Since the first few weeks of the Obama administration, America has been periodically told that the "lack" of U.S. gun control laws, particularly the now-defunct federal "assault weapon" ban of 1994-2004, is directly responsible for violence committed by Mexican drug cartels, and that the same violence will "spill over" into the United States.
For example, in March 2009, Sen. Dianne Feinstein (D-Calif.), the author of the expired ban, issued a press release calling attention to a letter she sent to President Obama, urging him to push for Senate ratification of the "Inter-American Convention Against the Illicit Manufacturing and Trafficking of Firearms, Ammunition, Explosives, and Other Related Materials," the gun control treaty commonly referred to as "CIFTA," signed by President Clinton in 1997.
In the letter, Feinstein said "The bottom line is this: Mexican drug cartels are spewing death and destruction across large swaths of territory along the U.S.-Mexican border which will inevitably spill over to the American side and threaten American lives."
Two months later, Obama did what Feinstein asked. Meeting with Mexico's president, Felipe Calderón, in Mexico City, Obama said "As President Calderón and I discussed, I am urging the Senate in the United States to ratify an inter-American treaty known as CIFTA to curb small arms trafficking that is a source of so many of the weapons used in this drug war."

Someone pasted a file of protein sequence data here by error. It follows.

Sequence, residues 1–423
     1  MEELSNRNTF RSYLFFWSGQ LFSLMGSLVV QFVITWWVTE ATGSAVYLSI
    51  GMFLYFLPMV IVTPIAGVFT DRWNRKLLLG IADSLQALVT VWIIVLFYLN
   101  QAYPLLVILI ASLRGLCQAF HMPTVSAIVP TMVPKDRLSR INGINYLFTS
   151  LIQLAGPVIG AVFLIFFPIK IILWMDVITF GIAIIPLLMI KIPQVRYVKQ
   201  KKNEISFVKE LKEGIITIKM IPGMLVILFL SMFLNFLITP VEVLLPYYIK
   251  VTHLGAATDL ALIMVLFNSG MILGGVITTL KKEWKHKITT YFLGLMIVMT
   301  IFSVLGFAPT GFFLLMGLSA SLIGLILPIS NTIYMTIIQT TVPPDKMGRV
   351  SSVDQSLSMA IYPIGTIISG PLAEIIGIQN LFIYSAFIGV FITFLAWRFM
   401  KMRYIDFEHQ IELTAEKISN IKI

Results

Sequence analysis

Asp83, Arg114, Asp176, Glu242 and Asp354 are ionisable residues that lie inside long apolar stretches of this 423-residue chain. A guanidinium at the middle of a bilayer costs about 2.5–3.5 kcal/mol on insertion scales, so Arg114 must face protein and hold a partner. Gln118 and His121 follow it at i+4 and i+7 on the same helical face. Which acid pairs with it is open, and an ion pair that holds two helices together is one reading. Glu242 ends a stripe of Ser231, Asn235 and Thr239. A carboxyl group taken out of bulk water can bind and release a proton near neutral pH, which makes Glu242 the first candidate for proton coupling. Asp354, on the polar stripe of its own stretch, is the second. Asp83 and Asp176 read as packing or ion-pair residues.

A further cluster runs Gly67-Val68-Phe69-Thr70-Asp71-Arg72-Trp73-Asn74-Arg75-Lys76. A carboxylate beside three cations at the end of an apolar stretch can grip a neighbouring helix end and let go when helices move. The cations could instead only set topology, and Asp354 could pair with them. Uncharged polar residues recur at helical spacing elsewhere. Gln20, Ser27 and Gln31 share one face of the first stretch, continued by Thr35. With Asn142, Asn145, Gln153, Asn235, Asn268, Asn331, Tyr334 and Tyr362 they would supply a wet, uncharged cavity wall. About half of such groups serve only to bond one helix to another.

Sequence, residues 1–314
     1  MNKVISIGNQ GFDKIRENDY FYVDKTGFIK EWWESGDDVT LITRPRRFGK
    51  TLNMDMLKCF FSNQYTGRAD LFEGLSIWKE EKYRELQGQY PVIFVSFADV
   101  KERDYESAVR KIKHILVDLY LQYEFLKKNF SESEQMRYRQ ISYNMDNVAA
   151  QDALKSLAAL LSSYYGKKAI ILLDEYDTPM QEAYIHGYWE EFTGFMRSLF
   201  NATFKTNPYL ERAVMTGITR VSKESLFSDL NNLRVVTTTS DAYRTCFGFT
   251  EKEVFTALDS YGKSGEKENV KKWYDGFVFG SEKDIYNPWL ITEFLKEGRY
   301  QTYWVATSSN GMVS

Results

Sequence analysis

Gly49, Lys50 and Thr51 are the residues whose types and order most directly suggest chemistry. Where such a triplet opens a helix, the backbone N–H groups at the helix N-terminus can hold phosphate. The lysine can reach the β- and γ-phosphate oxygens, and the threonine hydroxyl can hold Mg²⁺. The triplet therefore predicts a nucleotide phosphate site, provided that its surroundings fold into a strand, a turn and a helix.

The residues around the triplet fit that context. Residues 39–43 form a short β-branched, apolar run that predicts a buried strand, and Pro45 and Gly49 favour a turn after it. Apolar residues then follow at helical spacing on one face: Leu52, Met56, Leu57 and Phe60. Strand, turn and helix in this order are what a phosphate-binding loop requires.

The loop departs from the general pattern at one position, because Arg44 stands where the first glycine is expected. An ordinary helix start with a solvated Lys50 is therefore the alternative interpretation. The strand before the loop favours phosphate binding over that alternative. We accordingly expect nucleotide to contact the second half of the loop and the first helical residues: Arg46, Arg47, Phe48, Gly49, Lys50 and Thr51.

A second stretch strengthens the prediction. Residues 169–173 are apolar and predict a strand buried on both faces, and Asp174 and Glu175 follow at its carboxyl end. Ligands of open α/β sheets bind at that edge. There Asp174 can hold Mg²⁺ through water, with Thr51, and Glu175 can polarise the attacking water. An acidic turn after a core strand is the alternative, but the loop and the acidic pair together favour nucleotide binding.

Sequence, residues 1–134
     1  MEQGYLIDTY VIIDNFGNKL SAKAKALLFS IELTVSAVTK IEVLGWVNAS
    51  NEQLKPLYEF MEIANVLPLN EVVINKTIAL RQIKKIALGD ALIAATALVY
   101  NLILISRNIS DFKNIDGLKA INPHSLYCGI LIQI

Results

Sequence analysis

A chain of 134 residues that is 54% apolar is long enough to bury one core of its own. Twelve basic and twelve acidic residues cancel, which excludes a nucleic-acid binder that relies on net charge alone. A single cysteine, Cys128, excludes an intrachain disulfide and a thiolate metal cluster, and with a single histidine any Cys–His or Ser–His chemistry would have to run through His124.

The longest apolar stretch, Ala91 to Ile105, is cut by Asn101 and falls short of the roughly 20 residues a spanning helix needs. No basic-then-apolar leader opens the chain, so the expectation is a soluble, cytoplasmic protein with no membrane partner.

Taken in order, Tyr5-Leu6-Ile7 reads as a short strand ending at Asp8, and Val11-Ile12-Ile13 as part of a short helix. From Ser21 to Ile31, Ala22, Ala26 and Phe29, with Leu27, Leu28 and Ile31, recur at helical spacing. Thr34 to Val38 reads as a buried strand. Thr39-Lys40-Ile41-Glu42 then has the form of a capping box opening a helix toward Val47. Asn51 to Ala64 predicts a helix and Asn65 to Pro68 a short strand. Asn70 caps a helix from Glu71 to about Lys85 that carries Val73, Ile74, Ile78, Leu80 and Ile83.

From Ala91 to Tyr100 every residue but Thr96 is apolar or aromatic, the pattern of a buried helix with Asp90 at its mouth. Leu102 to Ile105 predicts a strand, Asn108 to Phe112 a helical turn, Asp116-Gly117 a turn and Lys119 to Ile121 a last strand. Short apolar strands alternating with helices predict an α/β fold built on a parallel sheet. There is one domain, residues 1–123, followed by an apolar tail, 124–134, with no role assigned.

The following year, Calderón reiterated the "spillover" theme in a speech to Congress, saying, at 25:32 in this C-Span video, "if you do not regulate the sale of these weapons the right way, nothing guarantees that criminals here in the United States, with access to the same power weapons, will not decide to challenge American authorities and civilians."
Instances of violence committed against border-state Americans, by smugglers and bandits entering the United States from the south, have certainly occurred. But, as reported by Diana Washington Valdez of the El Paso Times, "The Mexican drug‑cartel wars that fueled soaring homicide rates south of the border have not led to significant 'spillover' violence on the U.S. side of the border, according to a new national report released Thursday."
According to the report, "Beyond the Border Buildup," "The threat of the horrors in Mexico reaching U.S. soil is a regular theme of speeches and declarations from legislators" and others.
But, "The four (U.S.) border states themselves are becoming rapidly safer. (FBI) statistics show all violent crime dropping by 11 percent, and homicides dropping by 19 percent, between 2005 and 2010 in Arizona, California, New Mexico and Texas."
The report's and Ms. Valdez' comparisons of the murder rates of cities on each side of the border in 2010 illustrate the point. In Tijuana, the murder rate was 80.6 per 100,000 residents, while in San Diego it was 2.2. In Juarez, 282.7, but in El Paso, 0.8. In Nogales, 103.5; in Tucson, 9.7. In Matamoros, 18.8; in Brownsville, 3.9.